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It’s Time to Put a Freeze on ‘Getting Soft For the Winter’

Because if anything, to stay warm, we should be getting extra swole for the deep freeze we’re about to enter

With fall temperatures dipping lower and lower, it’s time to fatten up. Eat that third brat, chug a few heavy Oktoberfest beers and shovel an entire Ben and Jerry’s pint of Chunky Monkey down your throat. Winter is almost here, and it’s time to get soft. 

“Gettin’ soft for the winter” is a common refrain you’ll hear in the parts of the country that are about to freeze over. We’re mammals, so the logic goes, and mammals add fat to their bodies to survive cold temperatures. Um, it’s only science. Right? RIGHT? 

But before I give myself another reason to stuff 12 Oreos down my gullet on a nightly basis for the next few months, I asked Mark Leavey, a family physician in Maryland, and Abbey Sharpe, a registered dietitian in Toronto for a fact-check on the whole “gettin’ soft” thing. 

To start, there is some logic to it. “For a while, many scientists believed that because fat acts as a type of insulation, it can help to regulate our temperature when we get cold,” Sharpe explains. In fact, a 2009 study found that long-distance open-water swimmers with a higher BMI were at a lower risk of hypothermia.

Case closed, right? Not quite. That study came under scrutiny when more recent studies discovered that a swimmer’s ability to survive cold temperatures are influenced by other factors beyond BMI. Plus, Leavey adds, the logic comparing humans to animals ignores the fact that animals who gain fat before winter don’t eat while they hibernate. “They need to store some energy for their winter snooze,” Leavey says. “Since we don’t do that, the logic of ‘getting soft for the winter’ completely falls apart.” 

Anybody else trying to gain weight to survive the winter? from EDAnonymous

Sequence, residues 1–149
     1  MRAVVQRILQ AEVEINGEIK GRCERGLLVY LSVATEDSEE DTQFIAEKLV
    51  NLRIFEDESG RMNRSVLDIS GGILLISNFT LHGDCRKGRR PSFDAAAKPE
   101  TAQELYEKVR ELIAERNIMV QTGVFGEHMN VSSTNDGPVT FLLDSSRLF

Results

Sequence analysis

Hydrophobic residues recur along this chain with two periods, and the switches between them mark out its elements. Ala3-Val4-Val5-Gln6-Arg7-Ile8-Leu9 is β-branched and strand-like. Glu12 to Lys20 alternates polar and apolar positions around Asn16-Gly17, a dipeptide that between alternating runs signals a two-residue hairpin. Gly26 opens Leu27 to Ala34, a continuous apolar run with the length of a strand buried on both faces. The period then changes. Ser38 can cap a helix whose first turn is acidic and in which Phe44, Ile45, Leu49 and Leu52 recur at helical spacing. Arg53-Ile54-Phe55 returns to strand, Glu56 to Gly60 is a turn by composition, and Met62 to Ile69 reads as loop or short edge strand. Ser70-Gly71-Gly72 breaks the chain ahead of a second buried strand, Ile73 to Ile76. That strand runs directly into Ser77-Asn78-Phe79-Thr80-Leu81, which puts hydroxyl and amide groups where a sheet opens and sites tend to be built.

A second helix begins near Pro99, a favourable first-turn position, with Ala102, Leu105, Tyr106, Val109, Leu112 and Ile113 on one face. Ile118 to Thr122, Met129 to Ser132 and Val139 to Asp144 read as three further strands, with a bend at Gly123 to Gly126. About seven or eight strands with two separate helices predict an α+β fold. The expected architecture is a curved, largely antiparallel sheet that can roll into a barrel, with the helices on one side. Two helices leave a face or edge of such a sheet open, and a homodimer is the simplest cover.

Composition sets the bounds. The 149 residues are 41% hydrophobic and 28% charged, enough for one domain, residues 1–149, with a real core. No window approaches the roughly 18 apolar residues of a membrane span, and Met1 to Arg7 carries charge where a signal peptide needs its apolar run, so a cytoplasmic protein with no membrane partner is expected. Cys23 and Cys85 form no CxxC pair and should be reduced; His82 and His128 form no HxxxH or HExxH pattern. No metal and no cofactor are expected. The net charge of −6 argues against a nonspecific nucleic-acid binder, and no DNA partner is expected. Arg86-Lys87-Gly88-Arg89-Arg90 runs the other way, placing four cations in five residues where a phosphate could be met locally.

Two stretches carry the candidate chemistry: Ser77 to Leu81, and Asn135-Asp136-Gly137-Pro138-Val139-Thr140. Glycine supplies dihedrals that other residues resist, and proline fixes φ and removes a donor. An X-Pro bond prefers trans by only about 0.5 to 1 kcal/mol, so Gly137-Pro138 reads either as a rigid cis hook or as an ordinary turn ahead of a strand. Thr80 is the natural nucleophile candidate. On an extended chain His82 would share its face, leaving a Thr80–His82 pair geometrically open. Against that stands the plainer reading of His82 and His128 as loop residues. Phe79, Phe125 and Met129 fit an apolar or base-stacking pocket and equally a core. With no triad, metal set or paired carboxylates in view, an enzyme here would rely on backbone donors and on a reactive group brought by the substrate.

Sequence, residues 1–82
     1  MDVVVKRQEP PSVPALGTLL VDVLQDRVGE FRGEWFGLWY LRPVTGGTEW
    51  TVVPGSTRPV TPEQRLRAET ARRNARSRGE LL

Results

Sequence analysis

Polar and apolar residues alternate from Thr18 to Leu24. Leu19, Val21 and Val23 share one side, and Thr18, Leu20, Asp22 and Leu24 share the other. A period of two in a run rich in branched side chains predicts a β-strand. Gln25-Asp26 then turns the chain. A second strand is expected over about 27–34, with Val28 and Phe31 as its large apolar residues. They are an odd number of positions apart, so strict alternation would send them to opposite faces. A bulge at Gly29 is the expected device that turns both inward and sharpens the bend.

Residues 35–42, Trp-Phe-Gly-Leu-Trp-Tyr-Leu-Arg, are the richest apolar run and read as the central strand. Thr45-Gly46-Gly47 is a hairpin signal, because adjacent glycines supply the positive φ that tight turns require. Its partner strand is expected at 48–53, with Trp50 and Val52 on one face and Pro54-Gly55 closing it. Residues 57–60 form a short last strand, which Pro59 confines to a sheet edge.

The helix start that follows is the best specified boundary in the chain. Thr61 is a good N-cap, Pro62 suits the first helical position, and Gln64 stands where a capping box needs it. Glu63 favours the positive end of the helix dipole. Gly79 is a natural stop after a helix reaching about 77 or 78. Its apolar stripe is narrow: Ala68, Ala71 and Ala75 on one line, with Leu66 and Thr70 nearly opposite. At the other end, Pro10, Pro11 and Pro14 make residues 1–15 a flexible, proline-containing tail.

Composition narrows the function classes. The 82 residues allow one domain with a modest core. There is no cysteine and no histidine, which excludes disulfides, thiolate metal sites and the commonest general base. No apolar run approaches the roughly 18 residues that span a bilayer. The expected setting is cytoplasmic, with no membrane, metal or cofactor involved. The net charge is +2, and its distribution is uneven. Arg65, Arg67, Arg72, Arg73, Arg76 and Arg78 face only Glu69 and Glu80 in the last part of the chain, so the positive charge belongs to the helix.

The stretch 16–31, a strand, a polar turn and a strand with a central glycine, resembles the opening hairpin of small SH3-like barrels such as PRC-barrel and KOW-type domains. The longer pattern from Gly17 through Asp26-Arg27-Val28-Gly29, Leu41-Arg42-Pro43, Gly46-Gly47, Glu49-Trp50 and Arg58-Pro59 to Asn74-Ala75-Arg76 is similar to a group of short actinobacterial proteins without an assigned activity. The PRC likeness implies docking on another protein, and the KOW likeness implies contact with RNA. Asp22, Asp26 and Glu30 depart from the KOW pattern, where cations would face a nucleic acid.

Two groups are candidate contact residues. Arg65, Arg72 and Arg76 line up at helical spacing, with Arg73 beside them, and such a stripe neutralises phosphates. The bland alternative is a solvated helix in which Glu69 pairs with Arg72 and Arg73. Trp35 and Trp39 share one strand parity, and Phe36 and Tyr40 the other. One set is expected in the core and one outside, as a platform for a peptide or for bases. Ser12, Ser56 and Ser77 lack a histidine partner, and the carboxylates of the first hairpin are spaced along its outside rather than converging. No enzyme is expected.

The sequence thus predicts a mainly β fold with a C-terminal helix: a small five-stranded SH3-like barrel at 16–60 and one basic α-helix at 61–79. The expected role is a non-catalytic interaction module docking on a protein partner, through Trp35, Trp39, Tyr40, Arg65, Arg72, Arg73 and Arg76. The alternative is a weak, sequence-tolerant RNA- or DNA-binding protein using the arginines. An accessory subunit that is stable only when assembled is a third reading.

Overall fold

So is there anything I can do to keep warm this winter? According to a 2018 study published in the International Journal of Exercise Science, I should try the exact opposite of “gettin’ soft.” Because it’s not fat that regulates heat loss, but muscle mass. “People with more muscle mass are less susceptible to heat loss,” Sharpe explains, “and they can actually heat up faster in cold temperature compared to people with lower muscle mass.”

In other words, the more you exercise, the better your body is able to pump nice, hot blood to your frozen toes. “So during the winter months, maintain a healthy muscle mass by eating a variety of lean sources of protein — and don’t forget to include resistance training in your gym sessions to help build muscle mass,” Sharpe recommends.

Most of all, forget the delusion that “gettin’ soft for the winter” is anything other than unhealthy. “Medically, gaining weight is gaining weight,” Leavey explains. “If you exceed your optimal body weight, you can expect to have any and all problems that come with that weight gain — blood sugar, cholesterol and blood pressure are just a few of the system issues you could adversely effect by stocking away some belly fat.”

Beyond that, Sharpe warns that cyclically gaining and losing weight has been linked to a number of health concerns “so it’s best to keep activity and diet consistent throughout the year.” 

Personally speaking, for the first time in my life, I made it to the gym on a regular basis last winter. I can’t recall being warmer or colder than in years past. I do, though, remember strapping ice-spikes to my sneakers in order to safely transport my frozen ass to the gym and stripping off multiple layers once I got into the salt-stained locker room. It was miserable, but as it turns out, very worth it. 

So this winter, we’re not “gettin’ soft. No, this winter, we get hard.